GDPR – The basics in 5 minutes
This is a guest blog by Patrick O’Kane, author of the book “GDPR- Fix it Fast! Apply GDPR to Your Company in 10 Simple Steps.”
People are starting to complain about GDPR overload. The emails, webinars and articles about it are coming in from left and right. Sometimes they obsess so much with the detail that it is hard to know what practical steps your company should be taking on GDPR.
This article sets out some of the basics on GDPR.
Which companies does it apply to?
GDPR applies to all companies in the EU that process personal data.
GDPR also applies to all companies outside the EU that offer goods and services to people in the EU.
For example, a US company that markets and sells its shoes to UK customers is caught by GDPR.
Equally, an Australian company that offers an online dating service to French customers is also caught.
Those £17m/$17.7m fines – What do I need to know?
The maximum fine for breach of GDPR is 4% of global annual turnover or 20 million euro (whichever is higher). These fines will usually relate to a breach of a data subject’s rights or any of the basic GDPR principles.
There is a lower tier of fines of 2% of global annual turnover or 10 million euro (whichever is higher) for administrative breaches.
Article 83 of GDPR says the fines must be “proportionate” to the GDPR breach.
What are these new rights I keep hearing about?
There are numerous data rights set out from Articles 12-23 of GDPR. These will give you new powers to potentially erase embarrassing posts from social media. You also have the potential to transfer all your details from your old mortgage provider to your new mortgage provider.
These could merit a separate article so let me introduce you to two of them today (there are more details in my book here).
The Right to Data Portability– Article 20 –
The right to data portability is an entirely new right. It means customers have a right to demand you collect all of the data you hold on them and to transfer it over to a new provider. A company must comply with such a request within one month (usually) and must provide the transfer free of charge. The customer only has this right where it is technically feasible for the company to transfer the data. There are certain restrictions to this right. Let’s say, for example, that Kate has been banking with her old bank for 10 years. She’s decided to change to a new bank and wants to take all of her financial records with her. The right to data portability allows Kate to ask her old bank to transfer all of her data to her new bank in “a structured, commonly used and machine-readable form” This means the old bank must transfer the records in a way that is easy for the new bank to use.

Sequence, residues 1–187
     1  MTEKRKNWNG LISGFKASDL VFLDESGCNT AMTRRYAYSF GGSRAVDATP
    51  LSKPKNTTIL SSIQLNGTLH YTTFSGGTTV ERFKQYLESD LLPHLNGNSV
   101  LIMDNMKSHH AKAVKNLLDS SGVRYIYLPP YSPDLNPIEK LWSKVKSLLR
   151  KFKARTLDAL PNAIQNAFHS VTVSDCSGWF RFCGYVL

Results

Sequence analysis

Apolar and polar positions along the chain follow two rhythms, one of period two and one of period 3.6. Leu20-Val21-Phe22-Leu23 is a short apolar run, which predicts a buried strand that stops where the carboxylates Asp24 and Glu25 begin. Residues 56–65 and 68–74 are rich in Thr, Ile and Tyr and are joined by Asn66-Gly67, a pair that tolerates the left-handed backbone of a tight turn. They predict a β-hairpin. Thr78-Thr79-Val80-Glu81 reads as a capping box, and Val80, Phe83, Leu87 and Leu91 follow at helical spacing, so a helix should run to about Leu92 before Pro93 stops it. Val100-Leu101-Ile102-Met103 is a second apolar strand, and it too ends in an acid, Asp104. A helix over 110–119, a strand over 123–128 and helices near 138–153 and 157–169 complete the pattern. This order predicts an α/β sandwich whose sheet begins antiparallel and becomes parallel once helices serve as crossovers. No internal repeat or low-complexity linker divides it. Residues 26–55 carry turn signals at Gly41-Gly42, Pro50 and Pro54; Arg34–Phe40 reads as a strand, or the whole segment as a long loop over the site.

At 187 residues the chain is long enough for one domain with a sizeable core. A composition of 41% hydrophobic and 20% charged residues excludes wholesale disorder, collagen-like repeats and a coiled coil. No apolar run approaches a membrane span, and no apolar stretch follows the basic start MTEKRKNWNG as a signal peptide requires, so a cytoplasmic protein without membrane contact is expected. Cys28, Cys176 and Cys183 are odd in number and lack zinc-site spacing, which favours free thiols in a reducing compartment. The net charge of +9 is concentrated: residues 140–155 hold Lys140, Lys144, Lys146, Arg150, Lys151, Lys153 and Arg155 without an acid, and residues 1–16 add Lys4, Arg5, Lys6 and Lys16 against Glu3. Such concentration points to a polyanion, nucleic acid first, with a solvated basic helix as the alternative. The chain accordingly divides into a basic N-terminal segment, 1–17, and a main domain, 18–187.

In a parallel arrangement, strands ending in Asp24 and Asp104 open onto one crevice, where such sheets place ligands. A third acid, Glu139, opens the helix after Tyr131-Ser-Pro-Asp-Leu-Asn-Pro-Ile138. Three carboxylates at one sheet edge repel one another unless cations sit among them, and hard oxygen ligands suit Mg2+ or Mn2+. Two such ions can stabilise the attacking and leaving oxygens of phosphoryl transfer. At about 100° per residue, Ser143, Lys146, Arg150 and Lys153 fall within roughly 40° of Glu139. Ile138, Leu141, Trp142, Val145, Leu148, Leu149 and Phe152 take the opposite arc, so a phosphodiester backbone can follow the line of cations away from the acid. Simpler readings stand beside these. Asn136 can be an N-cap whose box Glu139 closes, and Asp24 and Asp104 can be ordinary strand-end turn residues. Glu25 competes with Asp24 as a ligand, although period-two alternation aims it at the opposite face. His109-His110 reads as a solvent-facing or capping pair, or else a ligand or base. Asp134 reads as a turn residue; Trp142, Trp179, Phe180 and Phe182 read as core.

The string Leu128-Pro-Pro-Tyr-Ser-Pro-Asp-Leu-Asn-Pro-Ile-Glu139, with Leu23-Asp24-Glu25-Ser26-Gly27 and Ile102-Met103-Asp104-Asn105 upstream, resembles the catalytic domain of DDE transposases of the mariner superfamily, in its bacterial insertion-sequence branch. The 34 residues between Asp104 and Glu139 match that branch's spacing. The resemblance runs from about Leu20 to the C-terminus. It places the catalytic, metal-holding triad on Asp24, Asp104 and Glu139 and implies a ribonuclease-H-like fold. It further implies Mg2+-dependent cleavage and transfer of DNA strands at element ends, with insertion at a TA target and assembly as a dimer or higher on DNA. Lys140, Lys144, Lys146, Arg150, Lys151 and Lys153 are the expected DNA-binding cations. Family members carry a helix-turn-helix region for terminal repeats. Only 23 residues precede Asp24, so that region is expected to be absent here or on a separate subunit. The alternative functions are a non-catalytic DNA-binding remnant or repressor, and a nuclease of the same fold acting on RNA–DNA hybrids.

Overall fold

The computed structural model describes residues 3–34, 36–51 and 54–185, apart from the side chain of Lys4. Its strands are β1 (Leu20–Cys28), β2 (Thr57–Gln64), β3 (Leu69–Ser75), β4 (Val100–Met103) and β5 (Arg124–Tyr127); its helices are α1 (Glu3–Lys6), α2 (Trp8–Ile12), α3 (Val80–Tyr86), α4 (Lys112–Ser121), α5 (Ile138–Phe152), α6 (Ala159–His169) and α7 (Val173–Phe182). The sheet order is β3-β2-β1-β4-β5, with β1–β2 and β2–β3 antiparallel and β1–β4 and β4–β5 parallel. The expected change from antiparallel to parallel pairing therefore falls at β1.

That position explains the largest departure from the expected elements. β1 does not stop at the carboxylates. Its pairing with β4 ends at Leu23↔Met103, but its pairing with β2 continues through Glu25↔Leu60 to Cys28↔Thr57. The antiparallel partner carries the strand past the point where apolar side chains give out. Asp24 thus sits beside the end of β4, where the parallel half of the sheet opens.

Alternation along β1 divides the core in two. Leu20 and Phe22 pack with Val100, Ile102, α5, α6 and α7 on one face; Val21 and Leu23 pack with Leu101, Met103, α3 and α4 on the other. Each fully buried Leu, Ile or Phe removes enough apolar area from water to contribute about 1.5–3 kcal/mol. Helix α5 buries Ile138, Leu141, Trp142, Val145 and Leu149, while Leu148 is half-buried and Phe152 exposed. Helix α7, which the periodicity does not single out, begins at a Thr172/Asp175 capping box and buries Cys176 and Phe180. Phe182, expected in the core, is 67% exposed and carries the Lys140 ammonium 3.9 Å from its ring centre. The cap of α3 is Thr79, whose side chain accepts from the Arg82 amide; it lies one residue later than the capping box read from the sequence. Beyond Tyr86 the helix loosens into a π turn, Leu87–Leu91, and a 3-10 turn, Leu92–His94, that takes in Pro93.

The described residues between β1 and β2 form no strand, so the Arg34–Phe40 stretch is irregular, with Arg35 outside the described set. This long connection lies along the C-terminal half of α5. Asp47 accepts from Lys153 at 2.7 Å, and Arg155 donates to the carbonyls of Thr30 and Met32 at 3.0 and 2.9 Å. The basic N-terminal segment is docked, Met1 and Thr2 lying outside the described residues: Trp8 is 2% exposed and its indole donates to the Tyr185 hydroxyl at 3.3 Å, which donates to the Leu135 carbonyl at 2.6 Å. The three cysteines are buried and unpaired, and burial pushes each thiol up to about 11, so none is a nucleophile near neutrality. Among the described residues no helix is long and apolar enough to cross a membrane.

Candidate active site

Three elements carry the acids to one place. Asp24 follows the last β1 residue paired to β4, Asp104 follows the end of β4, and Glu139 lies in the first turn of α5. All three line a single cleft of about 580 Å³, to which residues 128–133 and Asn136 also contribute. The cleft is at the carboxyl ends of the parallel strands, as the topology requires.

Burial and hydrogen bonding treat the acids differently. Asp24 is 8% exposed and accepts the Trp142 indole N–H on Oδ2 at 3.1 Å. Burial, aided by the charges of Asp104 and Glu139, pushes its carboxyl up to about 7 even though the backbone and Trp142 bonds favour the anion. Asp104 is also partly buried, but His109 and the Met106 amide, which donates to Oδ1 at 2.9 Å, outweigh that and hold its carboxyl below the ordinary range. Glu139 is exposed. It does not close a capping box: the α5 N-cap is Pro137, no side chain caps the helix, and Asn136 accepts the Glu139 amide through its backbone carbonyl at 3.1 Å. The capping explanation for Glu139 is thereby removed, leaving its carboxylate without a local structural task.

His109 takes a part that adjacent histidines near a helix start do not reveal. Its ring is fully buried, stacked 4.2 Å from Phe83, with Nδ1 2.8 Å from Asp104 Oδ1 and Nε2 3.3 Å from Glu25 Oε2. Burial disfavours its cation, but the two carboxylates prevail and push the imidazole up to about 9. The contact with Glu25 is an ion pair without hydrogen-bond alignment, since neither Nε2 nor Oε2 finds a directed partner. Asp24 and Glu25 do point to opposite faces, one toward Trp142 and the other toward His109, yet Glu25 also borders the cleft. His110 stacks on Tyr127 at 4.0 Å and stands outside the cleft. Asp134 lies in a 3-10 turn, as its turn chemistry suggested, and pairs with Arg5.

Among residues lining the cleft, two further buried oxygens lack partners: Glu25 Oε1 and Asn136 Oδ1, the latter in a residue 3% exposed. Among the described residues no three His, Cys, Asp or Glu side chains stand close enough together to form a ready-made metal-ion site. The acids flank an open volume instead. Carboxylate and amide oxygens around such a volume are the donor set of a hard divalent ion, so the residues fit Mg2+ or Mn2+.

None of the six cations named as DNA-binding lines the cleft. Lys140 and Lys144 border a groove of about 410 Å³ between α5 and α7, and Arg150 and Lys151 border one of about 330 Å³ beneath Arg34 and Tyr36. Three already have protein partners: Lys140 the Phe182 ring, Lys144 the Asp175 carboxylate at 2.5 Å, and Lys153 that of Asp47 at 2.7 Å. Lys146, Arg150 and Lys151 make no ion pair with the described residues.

The Right to Erasure – Article 17 –
This allows the customer to wipe his data off your systems and to make sure that any third-party with which you have shared the data does so also. The right to erasure is not an absolute right. There are several restrictions. For instance, a company may retain customer data in anticipation of a legal claim. Let’s say Megan booked a hotel for her wedding reception. Megan was very unhappy with the service on her big day, and most of the wedding party complained about the food. Megan was upset and has threatened to sue the hotel. She demands the hotel immediately wipe her data from their systems. There is a strong reason here for the hotel to retain some of the Megan’s data because they anticipate that she may take legal action.
Patrick O’Kane is a data privacy expert and lawyer (barrister). He is the Data Protection Officer for a Fortune 500 US company. He helped lead a major GDPR implementation project across a group of 30 companies, and has written a book on GDPR entitled “GDPR – Fix it Fast.” www.gdprfixitfast.com